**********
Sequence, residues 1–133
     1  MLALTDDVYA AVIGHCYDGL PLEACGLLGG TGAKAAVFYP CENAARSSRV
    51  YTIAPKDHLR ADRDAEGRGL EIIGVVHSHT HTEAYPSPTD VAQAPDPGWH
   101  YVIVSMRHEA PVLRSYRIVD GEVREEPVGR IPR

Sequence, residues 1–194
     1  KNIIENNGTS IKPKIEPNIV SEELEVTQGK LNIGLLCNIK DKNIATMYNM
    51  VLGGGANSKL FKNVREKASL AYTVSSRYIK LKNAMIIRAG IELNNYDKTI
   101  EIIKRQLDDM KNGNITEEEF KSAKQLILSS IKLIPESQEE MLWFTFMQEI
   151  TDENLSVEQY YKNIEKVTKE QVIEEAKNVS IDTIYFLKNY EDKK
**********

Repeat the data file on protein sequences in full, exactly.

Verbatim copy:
Sequence, residues 1–133
     1  MLALTDDVYA AVIGHCYDGL PLEACGLLGG TGAKAAVFYP CENAARSSRV
    51  YTIAPKDHLR ADRDAEGRGL EIIGVVHSHT HTEAYPSPTD VAQAPDPGWH
   101  YVIVSMRHEA PVLRSYRIVD GEVREEPVGR IPR

Sequence, residues 1–194
     1  KNIIENNGTS IKPKIEPNIV SEELEVTQGK LNIGLLCNIK DKNIATMYNM
    51  VLGGGANSKL FKNVREKASL AYTVSSRYIK LKNAMIIRAG IELNNYDKTI
   101  EIIKRQLDDM KNGNITEEEF KSAKQLILSS IKLIPESQEE MLWFTFMQEI
   151  TDENLSVEQY YKNIEKVTKE QVIEEAKNVS IDTIYFLKNY EDKK